No matter what kind of business you start, a strong branding campaign combined with niche marketing takes you from another murmur in the crowd to a stand-out voice. Everyone’s an entrepreneur these days, so why should we care about you? Marketing strategy for a start-up is about more than a logo, a website, and a catchy slogan. It’s not just slapping your name on everything you create.
Entrepreneur.com lists the seven tenets of branding as simplicity, disruption (a break from the norm), original expression, big ideas, symbolism, meaning, and depth. Branding and niche marketing are two sides of the same coin. The brand is about who you are and the image you project, while the niche is the group of people attracted to who you are, who receive and relate to your image.
Why do people develop brand loyalty? It’s not the attractiveness of the logo, it’s what the logo represents to them. Yes, how it makes them feel. Think about Newman’s Own, Burt’s Bees, Ben & Jerry’s. When you hear “Newman’s Own”, you know automatically they their proceeds go to charity. You know Burt’s Bees is committed to the natural, and that Ben & Jerry’s operates with the most progressive values. Each has a consistent image—something visual with which the general public associates them on sight—but they also anchor that image in a message, a philosophy, a story that is compelling and distinctly their own. Each one takes into account both the brand and the niche.
Seth Godin’s TED talk on the reemergence of “tribes” explains what finding your niche really means. Instead of making everyone the same, the internet has created what Godin calls “silos of interest”.
“You don’t need everyone… you just need, I don’t know, a thousand true fans — a thousand people who care enough that they will get you the next round and the next round and the next round. And that means that the idea you create, the product you create, the movement you create isn’t for everyone, it’s not a mass thing. That’s not what this is about. What it’s about instead is finding the true believers.”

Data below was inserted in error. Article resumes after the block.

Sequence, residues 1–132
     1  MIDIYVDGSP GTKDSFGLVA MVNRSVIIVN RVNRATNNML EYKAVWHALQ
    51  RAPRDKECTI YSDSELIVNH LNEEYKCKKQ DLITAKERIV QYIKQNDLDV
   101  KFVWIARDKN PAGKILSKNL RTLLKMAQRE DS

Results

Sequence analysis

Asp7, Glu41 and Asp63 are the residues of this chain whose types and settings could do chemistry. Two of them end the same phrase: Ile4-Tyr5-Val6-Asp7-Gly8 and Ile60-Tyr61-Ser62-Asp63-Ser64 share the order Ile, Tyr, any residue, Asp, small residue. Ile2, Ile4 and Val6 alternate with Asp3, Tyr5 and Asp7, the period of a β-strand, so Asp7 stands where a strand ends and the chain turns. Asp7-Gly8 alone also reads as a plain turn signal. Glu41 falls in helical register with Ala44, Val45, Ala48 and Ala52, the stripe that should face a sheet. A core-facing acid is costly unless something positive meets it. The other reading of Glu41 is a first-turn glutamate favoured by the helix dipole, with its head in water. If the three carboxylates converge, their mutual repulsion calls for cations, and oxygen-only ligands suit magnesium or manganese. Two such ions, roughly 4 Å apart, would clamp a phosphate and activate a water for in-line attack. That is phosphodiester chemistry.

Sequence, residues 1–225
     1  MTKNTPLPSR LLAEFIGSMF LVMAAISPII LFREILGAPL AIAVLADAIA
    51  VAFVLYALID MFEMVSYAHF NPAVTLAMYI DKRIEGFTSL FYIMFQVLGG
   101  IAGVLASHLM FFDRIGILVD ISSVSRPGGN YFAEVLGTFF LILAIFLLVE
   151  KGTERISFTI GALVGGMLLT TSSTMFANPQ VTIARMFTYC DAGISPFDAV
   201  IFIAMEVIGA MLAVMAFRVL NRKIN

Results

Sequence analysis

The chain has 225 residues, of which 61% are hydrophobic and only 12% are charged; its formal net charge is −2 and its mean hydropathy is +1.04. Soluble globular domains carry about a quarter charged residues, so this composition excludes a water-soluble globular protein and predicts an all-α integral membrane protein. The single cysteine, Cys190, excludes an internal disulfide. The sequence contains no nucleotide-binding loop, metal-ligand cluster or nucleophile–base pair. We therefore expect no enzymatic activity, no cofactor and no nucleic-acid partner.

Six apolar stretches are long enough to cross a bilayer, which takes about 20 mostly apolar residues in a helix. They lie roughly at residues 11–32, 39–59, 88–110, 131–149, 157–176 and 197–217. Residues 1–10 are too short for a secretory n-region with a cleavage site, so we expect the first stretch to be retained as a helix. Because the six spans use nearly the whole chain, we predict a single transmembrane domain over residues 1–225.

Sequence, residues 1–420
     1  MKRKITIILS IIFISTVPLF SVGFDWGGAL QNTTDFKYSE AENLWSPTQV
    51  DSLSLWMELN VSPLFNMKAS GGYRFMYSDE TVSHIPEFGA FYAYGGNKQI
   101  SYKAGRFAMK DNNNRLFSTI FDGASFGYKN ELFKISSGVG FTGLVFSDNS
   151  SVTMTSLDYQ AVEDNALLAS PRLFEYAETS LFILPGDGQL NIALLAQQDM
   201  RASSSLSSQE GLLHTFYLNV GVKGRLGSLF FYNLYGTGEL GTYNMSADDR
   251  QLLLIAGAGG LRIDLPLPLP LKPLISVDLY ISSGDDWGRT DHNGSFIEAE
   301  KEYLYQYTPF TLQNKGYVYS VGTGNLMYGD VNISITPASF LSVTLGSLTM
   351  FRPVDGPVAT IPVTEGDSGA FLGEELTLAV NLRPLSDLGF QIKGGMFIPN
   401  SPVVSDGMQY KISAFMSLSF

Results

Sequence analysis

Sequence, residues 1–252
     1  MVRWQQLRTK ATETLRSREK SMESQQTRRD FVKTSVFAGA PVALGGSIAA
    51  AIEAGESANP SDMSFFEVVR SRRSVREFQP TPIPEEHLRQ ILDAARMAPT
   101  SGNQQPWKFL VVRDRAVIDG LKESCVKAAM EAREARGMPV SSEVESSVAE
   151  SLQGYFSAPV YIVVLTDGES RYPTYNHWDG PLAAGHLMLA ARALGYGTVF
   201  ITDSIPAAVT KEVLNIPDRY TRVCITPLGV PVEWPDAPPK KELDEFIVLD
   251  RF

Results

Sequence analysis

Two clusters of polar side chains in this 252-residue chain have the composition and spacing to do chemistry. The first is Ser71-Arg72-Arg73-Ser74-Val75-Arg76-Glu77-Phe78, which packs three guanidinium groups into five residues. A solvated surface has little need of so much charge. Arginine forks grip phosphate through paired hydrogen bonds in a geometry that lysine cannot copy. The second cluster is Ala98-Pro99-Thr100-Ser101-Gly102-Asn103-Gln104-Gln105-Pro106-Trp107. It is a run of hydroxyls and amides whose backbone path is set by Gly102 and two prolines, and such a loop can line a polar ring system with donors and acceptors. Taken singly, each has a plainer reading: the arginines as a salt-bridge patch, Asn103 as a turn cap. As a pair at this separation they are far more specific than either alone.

A niche is a group of people with the same subset of interests, so if it helps, imagine your brand is a person, too. How does this person speak and dress? What is its personality like? What makes it attractive to others? What qualities do you want people to associate with it when they hear its name? Then make that person start a club—a tribe—that your target niche can’t resist joining. Think about Apple’s “Mac vs. PC” ads. They don’t compare how the product words—they define who you are.
Plan your website design, the text on that website, the tone of your slogan, your advertisements—everything—around the brand’s voice and what appeals to that niche. Be as specific as you can about who you are, why you are here, and who should buy your product or use your service.
There’s no such thing as “the everyman” anymore. It may be tempting to appeal to the greatest common denominator to widen your base, but that will just dilute your message when you’re starting out. It’s a sign that you don’t have the confidence to stand by your brand. Besides, once your brand is off the ground, your niche will grow organically if you pay attention. As Godin says, “Bob Marley did not invent Rastafarians. He just stepped up and said, ‘Follow me.’”
When it’s all etched in stone, don’t forget to trademark it. This is where you want to be broad. The company name, the logo, the slogan and tagline should all be covered under a copyright. If you’re doing something right, someone will want to start their own club and steal your members.
Finally, staying consistent is crucial if you want your following to stay with you and grow in the right direction. Remember, if you don’t know who you are, no one else will, either. And if your customers don’t get you, they won’t care much about what you have to offer.